made recommendations for new rules for regulation of financial reporting in the United States that
either duplicated or carried forward the recommendations of the Treadway Commission.


book rate of return

Accounting income divided by book value.
Also called accounting rate of return.


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Break

A rapid and sharp price decline.



Break-Even

This is a term used to describe a point at which revenues equal costs.


Break-even analysis

An analysis of the level of sales at which a project would make zero profit.


break-even analysis

Analysis of the level of sales at which the company breaks even.


Break-Even Analysis

An analytical technique for studying the relationships between fixed cost, variable cost, and profits. A breakeven chart graphically depicts the nature of breakeven analysis. The breakeven point represents the volume of sales at which total costs equal total revenues (that is, profits equal zero).


break-even chart

a graph that depicts the relationships among revenues, variable costs, fixed costs, and profits (or losses)


Break-even lease payment

The lease payment at which a party to a prospective lease is indifferent between
entering and not entering into the lease arrangement.


Break-even payment rate

The prepayment rate of a MBS coupon that will produce the same CFY as that of
a predetermined benchmark MBS coupon. Used to identify for coupons higher than the benchmark coupon
the prepayment rate that will produce the same CFY as that of the benchmark coupon; and for coupons lower
than the benchmark coupon the lowest prepayment rate that will do so.


break-even point (BEP)

the level of activity, in units or dollars, at which total revenues equal total costs


Break-even time

Related: Premium payback period.


Breakeven point

The point at which total costs equal total revenue, i.e. where there is neither a profit nor a loss.


breakeven point

The annual sales volume level at which total contribution
margin equals total annual fixed expenses. The breakeven point is only a
point of reference, not the goal of a business, of course. It is computed by
dividing total fixed expenses by unit margin. The breakeven point is
quite useful in analyzing profit behavior and operating leverage. Also, it
gives manager a good point of reference for setting sales goals and
understanding the consequences of incurring fixed costs for a period.


Breakeven point

The sales level at which a company, division, or product line makes a
profit of exactly zero, and is computed by dividing all fixed costs by the average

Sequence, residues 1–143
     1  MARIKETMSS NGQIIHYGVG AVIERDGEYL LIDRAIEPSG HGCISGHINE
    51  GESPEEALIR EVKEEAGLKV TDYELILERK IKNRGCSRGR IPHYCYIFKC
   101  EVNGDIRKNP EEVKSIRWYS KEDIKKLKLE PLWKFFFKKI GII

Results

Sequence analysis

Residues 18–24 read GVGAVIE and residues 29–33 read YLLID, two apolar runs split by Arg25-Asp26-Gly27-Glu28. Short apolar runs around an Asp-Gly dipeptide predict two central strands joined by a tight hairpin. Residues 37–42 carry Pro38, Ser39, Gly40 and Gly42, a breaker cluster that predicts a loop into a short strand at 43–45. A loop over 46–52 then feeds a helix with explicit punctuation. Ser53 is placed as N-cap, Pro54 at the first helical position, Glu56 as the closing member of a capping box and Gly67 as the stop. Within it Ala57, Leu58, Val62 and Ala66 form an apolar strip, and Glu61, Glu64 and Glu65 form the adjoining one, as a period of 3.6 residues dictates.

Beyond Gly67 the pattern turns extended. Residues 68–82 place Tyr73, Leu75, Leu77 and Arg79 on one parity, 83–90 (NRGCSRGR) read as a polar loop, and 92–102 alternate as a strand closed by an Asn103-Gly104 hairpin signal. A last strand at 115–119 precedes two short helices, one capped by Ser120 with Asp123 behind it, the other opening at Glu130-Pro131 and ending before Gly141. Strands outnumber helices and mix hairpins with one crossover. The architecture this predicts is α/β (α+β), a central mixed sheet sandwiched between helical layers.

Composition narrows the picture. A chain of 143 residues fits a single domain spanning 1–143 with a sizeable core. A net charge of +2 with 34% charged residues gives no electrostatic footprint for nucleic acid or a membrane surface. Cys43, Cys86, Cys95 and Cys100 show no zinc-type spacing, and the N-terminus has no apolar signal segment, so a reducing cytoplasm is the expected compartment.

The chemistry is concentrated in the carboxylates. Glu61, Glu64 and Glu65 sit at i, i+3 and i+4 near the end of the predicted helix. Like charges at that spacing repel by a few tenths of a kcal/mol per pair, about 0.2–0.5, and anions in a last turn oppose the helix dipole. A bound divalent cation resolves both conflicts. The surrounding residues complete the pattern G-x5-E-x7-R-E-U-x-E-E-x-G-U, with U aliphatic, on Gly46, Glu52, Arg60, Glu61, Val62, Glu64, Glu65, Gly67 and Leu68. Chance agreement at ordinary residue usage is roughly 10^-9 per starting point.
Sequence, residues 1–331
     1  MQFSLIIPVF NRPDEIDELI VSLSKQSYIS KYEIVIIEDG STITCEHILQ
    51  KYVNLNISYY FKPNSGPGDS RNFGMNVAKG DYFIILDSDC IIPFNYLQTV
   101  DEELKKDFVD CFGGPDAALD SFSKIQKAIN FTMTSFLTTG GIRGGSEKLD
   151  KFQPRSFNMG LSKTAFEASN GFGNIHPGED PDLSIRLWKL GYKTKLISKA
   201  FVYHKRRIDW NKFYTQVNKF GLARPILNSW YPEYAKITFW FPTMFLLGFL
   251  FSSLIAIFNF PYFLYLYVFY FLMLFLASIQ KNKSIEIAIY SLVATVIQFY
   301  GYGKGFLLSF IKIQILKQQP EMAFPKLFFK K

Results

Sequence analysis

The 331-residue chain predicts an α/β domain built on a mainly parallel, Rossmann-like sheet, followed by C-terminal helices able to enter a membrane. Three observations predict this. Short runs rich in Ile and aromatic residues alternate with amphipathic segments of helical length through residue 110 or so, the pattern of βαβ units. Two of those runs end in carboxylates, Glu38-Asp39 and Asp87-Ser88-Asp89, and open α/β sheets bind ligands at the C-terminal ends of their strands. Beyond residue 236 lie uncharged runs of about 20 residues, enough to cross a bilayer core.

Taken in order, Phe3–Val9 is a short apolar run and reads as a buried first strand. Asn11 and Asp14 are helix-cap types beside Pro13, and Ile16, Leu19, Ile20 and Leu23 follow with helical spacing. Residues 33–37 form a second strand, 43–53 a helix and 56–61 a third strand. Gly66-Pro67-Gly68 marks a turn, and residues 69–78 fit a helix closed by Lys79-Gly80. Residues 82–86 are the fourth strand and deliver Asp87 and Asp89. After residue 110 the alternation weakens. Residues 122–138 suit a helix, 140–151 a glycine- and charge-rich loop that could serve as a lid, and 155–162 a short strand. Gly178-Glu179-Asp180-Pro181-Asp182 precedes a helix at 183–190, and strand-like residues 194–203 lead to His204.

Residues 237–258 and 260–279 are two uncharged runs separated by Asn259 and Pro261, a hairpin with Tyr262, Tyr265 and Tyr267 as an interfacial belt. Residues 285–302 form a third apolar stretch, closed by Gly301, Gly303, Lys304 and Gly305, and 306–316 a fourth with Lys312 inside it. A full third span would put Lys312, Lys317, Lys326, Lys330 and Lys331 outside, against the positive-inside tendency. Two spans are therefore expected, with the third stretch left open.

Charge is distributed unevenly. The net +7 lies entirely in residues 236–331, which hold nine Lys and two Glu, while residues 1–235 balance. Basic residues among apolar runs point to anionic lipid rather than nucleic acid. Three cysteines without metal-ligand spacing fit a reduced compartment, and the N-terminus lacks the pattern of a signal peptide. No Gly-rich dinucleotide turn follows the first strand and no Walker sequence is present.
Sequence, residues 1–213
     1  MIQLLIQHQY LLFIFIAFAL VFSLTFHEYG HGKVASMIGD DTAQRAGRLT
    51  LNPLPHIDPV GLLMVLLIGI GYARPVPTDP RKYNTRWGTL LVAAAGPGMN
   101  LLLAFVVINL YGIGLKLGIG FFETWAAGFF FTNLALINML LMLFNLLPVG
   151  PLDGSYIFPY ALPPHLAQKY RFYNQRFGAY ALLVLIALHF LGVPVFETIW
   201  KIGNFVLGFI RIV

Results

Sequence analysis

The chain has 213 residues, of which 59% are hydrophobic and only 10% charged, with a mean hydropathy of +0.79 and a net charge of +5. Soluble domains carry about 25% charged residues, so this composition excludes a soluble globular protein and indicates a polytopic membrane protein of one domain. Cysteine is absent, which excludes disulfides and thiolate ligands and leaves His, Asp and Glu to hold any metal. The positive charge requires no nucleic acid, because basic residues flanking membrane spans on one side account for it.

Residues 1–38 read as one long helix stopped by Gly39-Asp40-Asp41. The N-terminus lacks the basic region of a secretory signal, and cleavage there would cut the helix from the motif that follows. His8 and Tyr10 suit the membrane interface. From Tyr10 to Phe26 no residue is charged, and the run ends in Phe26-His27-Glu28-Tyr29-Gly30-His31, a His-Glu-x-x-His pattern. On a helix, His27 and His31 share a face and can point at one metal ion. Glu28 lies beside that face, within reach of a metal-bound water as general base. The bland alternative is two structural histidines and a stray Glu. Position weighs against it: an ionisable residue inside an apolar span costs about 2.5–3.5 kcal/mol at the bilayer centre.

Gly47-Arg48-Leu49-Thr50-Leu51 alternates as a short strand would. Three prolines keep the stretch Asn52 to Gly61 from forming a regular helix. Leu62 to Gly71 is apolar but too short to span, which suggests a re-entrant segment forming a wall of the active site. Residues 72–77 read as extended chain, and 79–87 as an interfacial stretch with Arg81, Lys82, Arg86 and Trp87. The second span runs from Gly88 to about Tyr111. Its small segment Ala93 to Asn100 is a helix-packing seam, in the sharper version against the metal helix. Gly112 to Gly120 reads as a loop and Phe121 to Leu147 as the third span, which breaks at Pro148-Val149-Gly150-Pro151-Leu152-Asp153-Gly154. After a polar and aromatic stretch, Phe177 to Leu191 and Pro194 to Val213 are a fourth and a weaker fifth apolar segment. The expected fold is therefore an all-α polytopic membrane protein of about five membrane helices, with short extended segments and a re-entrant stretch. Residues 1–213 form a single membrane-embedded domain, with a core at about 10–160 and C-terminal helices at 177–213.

gross margin percentage.


Breakout

A rise in a security's price above a resistance level (commonly its previous high price) or drop
below a level of support (commonly the former lowest price.) A breakout is taken to signify a continuing
move in the same direction. Can be used by technical analysts as a buy or sell indicator.


Broker loan rate

Related: Call money rate.


Bullet strategy

A strategy in which a portfolio is constructed so that the maturities of its securities are highly
concentrated at one point on the yield curve.


Buy-and-hold strategy

A passive investment strategy with no active buying and selling of stocks from the
time the portfolio is created until the end of the investment horizon.


Call money rate

Also called the broker loan rate , the interest rate that banks charge brokers to finance
margin loans to investors. The broker charges the investor the call money rate plus a service charge.


Capitalization Rate

A discount rate used to find the present value of a series of future cash receipts. Sometimes called discount rate.


cash burn rate

A relatively recent term that refers to how fast a business
is using up its available cash, especially when its cash flow from operating
activities is negative instead of positive. This term most often refers
to a business struggling through its start-up or early phases that has not
yet generated enough cash inflow from sales to cover its cash outflow for
expenses (and perhaps never will).


Cash flow after interest and taxes

Net income plus depreciation.


Cash-flow break-even point

The point below which the firm will need either to obtain additional financing